If your spouse is prone to violent outbursts and aggression, suffers from a co-occurring mental health disorder, or does more than one drug, it is highly recommended that a professional interventionist be present. Drugs can make a person highly unstable, unpredictable, and even potentially dangerous. As a professional with expertise in managing the heightened emotions that are often present during interventions, an interventionist can help to keep everyone safe during the meeting. This professional can create an overall plan, choose the intervention team, keep the actual intervention on track and positive, and even transport the addicted individual into a specialized treatment program that is right for them.

This should be your first step, and highest priority, because until your boy friend accepts what’s happening to him, no support strategy will work. Once this successfully happens, you can then consider employing Fred’s advice above. Feel free to come back here and let us know how its going and or whether it has worked-out for you. I honestly hope things get better for your and your loved one.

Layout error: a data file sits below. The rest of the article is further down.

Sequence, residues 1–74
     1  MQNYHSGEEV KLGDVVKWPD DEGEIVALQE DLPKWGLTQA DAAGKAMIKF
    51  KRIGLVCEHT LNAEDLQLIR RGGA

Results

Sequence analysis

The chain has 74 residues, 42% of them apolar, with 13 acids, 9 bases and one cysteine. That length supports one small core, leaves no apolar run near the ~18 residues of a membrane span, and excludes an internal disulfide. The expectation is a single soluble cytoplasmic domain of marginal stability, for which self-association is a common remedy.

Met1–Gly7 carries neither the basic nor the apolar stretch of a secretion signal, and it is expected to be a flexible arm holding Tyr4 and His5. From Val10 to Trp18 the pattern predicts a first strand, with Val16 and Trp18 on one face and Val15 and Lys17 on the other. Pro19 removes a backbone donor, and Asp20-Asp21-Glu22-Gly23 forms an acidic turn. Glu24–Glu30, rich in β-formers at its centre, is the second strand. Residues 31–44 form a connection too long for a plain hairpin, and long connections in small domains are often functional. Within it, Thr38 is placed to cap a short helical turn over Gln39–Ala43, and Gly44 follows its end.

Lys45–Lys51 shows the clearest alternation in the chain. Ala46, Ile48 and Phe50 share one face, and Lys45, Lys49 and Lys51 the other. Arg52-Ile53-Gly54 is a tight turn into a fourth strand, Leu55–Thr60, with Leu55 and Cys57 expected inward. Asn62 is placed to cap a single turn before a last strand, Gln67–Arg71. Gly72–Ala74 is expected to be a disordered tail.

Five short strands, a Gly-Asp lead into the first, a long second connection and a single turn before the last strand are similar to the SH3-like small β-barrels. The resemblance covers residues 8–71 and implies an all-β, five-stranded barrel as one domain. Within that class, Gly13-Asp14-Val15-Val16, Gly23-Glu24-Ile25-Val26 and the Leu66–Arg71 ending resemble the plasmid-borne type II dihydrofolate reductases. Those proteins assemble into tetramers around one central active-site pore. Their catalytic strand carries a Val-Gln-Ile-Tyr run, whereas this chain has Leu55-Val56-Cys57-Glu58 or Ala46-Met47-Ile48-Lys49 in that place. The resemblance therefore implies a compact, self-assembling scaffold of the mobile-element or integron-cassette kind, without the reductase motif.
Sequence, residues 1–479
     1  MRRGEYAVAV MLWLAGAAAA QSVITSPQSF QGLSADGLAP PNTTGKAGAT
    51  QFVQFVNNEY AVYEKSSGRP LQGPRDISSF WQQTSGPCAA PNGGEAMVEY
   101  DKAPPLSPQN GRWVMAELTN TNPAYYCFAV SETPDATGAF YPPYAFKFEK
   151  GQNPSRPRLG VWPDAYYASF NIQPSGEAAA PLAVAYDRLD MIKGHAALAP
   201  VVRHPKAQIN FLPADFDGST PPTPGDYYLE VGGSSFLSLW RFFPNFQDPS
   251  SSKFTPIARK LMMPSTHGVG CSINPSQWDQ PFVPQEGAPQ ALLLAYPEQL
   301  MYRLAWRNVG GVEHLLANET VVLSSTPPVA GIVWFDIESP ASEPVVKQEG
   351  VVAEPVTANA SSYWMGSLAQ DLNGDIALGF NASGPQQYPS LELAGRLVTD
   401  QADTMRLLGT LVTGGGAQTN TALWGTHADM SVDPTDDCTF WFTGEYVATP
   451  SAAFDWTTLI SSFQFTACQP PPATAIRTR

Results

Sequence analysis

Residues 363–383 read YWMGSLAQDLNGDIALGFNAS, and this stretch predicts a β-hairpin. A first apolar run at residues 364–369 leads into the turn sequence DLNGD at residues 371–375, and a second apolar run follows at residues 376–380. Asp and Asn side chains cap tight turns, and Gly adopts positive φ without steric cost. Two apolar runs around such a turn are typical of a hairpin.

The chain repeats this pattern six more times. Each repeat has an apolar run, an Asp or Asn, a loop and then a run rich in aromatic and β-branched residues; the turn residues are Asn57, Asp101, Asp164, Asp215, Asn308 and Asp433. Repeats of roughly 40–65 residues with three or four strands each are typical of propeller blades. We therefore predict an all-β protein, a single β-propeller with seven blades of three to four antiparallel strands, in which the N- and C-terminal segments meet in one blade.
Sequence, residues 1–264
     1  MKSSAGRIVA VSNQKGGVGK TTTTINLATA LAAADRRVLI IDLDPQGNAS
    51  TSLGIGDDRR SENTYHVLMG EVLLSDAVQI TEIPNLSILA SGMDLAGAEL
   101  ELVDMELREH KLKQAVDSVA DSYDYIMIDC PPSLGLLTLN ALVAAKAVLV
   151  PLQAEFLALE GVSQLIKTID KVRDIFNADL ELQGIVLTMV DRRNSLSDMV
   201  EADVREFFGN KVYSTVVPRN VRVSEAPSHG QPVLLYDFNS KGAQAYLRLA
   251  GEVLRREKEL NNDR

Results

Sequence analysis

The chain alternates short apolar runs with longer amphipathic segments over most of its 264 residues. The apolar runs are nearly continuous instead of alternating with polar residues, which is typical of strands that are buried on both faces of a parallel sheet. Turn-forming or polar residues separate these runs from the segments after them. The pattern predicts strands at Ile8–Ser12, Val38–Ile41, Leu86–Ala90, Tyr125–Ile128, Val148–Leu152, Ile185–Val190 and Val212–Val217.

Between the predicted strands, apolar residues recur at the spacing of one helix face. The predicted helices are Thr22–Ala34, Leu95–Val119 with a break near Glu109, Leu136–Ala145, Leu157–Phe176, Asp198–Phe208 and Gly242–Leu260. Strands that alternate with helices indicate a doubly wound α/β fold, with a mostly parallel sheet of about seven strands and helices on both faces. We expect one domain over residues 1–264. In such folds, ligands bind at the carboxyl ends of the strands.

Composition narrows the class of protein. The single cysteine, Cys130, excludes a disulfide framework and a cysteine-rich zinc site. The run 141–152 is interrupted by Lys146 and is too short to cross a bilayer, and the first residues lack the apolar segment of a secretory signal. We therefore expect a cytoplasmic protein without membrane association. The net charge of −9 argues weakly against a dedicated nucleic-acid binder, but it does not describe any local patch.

Best,

~ Pauline.

Regular User Answered on October 3, 2018.
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Thanks so much for your supporting guidance, Fred & Pauline. I didn’t have any idea on an intervention, going to have to study this content, and get back to you, hopefully things work out for the best. Thanks a bunch!

Regular User Answered on October 3, 2018.
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Hello Jenny. What is going on with your boyfriend is very tragic but there are solutions. It looks like your  boyfriend needs treatment quickly or he is going to overdose and die. It is just a matter of time. What he really needs first is 30, 60 or 90 days In-patient treatment to detox him and make him clean. Then, when he gets out of In-patient treatment, he needs long term treatment at an Outpatient “Maintenance” clinic like a “Metahdone Clinic” where will be monitored daily. Then he has a chance to survive. Your boyfriend will probably need treatment on and off for life because there is no cure to any addiction. You can check drug and alcohol treatments near you at TreatmentHub365.com. Give them a call. They will make it work for you and Dave. It is what I would do if Dave was my son.

About the cost of treatment, usually when patients don’t have any money, the family and relatives get together and put the money for treatment. Also Medicaid provides addiction treatment 100% free of charge (if you qualify as very poor).

Hope it helps and good luck !

Super User Answered on October 4, 2018.
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Thank you Olivier. I’ve added the tips to my to-do list. Want to arrange an intervention as advised, once Dave accepts and understands the severity of what he is doing, and any consequences, we’ll seek treatment immediately. I hope it goes well. Thanks for the help on this website. I appreciate.

– Jen.

Regular User Answered on October 5, 2018.